Simply put, Jason has a gift for taking big, messy human experiences and compressing them into badass little combustible packages made of rhythm, melody and madly efficient language. The songs are full of little hooks—it could be guitar line that catches one listener, or a quick lyric that strikes to the heart of another—and an act of transference takes place. The stories Jason tells become our own. The music is coming not from Jason and the band, but from within us.
As you listen to this record, you will hear many themes: humor, heartache, wisdom, beauty, hope. But chief among them, strangely, is leadership.
If Southeastern (2013) was the Getting Sober record (Jason has been searingly honest in both songs and interviews about the time he spent in rehab), andSomething More Than Free (2015) was the New Clarity record, maybe this one, The Nashville Sound, is the Way Forward.
And who better to lead us forward than Jason Isbell? Jason is a relentless and fearless self- interrogator. (The first line of “Cumberland Gap”—“There’s an answer here if I look hard enough”—will be familiar to those who know him.) And this album is a challenge, a gauntlet in song: Let’s claim ownership of our biases (“White Man’s World”). Let’s embrace and celebrate the uncomfortable idea that the force that activates both life and love is death (the instant- classic “If We Were Vampires”). Let’s consciously choose light over darkness (“Hope the High Road”). And for God’s sake, if you are feeling anxious, alone, disenfranchised, depressed, mad as hell, or scared as shit, find something that gasses you up and work at it (“Something to Love”). Jason, it seems, after years grinding the rail that separates terra firma from the brink, has put in the sweat equity it takes to hug it out with his demons and fill his life with meaning, bright and clean.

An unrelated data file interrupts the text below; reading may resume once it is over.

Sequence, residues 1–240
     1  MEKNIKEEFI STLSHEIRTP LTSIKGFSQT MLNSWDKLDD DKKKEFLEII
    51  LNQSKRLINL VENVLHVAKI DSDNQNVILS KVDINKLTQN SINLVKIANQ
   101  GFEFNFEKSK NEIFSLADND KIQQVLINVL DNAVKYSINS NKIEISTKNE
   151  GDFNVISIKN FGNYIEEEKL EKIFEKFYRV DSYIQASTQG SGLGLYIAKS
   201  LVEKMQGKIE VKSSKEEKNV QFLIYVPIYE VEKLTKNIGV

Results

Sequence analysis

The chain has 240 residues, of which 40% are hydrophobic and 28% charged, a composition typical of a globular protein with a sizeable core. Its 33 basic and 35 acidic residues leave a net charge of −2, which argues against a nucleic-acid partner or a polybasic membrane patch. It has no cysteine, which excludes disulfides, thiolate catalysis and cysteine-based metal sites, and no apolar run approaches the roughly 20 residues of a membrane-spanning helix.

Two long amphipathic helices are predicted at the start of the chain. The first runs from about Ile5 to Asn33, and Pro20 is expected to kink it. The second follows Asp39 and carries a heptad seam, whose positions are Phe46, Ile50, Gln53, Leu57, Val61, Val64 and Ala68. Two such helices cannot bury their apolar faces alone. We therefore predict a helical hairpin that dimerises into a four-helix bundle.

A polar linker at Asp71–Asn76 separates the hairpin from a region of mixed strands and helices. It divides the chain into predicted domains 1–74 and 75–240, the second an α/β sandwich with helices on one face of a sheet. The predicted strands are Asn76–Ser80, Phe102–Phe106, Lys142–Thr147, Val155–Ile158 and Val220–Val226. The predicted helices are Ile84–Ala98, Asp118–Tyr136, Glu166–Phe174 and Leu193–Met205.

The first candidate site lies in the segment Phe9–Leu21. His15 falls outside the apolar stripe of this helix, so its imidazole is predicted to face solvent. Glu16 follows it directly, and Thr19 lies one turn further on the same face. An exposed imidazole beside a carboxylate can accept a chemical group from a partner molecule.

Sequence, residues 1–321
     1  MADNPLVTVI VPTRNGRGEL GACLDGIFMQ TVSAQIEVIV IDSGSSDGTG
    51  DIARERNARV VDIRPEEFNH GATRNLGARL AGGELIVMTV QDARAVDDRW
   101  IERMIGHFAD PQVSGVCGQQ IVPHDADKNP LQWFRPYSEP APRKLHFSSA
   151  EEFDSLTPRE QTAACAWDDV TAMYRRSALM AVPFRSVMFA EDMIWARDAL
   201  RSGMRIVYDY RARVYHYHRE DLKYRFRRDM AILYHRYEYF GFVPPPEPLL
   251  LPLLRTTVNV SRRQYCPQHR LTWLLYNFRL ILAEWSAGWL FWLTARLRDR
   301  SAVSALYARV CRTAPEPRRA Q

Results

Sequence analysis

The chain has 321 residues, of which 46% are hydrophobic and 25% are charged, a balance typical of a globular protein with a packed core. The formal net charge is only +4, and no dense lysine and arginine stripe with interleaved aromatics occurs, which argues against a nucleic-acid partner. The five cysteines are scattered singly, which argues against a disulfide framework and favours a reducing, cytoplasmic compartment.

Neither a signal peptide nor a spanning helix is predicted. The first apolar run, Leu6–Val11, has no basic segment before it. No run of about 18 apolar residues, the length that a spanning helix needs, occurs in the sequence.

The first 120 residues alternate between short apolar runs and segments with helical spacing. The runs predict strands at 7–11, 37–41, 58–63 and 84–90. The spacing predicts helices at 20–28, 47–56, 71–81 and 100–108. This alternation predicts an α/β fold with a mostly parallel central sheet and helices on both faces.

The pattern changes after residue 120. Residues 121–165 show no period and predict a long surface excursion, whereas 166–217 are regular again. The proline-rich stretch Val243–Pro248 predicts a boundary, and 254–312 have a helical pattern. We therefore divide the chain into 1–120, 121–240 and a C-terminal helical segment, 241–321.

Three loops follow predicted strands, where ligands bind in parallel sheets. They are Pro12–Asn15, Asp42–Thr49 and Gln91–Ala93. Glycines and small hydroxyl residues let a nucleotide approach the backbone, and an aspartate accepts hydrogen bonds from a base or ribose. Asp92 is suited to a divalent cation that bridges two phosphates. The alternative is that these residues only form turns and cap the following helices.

If that sounds good to you, this album lights the path.
Father John Misty
Written largely in New York between Summer 2016 and Winter 2017, Josh Tillman’s fourth Father John Misty LP, God’s Favorite Customer, reflects on the experience of being caught between the vertigo of heartbreak and the manic throes of freedom.
God’s Favorite Customer reveals a bittersweetness and directness in Tillman’s songwriting, without sacrificing any of his wit or taste for the absurd. From “Mr. Tillman,” where he trains his lens on his own misadventure, to the cavernous pain of estrangement in “Please Don’t
Die,” Tillman plays with perspective throughout to alternatingly hilarious and devastating effect. “We’re Only People (And There’s Not Much Anyone Can Do About That)” is a meditation on our inner lives and the limitations we experience in our attempts to give and receive love. It stands in solidarity with the title track, which examines the ironic relationship between forgiveness and sin. Together, these are songs that demand to know either real love or what comes after, and as the album progresses, that entreaty leads to discovering the latter’s true stakes.
God’s Favorite Customer was produced by Tillman and recorded with Jonathan Rado, Dave Cerminara, and Trevor Spencer. The album features contributions from Haxan Cloak, Natalie Mering of Weyes Blood, longtime collaborator Jonathan Wilson, and members of Misty’s touring band.
Jade Bird is fast becoming one of the most exciting new British voices. With her debut release the ‘Somewhere American’ EP and 2018’s follow-up breakthrough single ‘Lottery’, Jade has won the hearts of people across the globe. She has already preformed on ‘Later with Jools Holland’, ‘The Late Show with Stephen Colbert’ and ‘The Tonight Show Starring Jimmy Fallon’ and at SXSW she won the Grulke Prize for upcoming talent which follows her win of the ANCHOR Award at the Reeperbahn Festival in 2017.
Twisting big themes of disillusionment, divorce, cheating, sorrow into the realities of an independent-minded, modern British 20-year-old, Jade’s music transcends genre with a wealth of influence coming from everywhere and anywhere. Classic, contemporary, and a total breath of fresh air in the current musical landscape, Jade Bird is that rare, next-generation artist who appears as clued up on the past as she is determined to learn from its lessons: in control, sometimes in your face, and in possession of gifts beyond her years.